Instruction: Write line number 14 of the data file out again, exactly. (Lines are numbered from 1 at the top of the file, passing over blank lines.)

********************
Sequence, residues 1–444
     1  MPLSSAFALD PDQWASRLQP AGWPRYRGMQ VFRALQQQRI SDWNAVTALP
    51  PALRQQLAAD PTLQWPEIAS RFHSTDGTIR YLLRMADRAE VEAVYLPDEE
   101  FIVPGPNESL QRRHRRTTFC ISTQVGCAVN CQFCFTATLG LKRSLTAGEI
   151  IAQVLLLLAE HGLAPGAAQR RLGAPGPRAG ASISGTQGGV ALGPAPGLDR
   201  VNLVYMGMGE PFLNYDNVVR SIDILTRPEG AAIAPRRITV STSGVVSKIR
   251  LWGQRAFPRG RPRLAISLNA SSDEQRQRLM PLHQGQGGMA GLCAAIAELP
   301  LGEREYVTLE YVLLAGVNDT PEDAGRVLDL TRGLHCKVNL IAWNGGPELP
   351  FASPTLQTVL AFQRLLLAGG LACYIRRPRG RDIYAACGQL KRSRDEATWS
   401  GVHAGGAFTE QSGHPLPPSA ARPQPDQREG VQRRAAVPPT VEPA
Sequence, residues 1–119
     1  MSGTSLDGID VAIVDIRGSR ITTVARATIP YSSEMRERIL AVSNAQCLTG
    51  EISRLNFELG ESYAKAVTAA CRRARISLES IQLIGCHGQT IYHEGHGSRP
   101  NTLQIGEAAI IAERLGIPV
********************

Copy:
   101  NTLQIGEAAI IAERLGIPV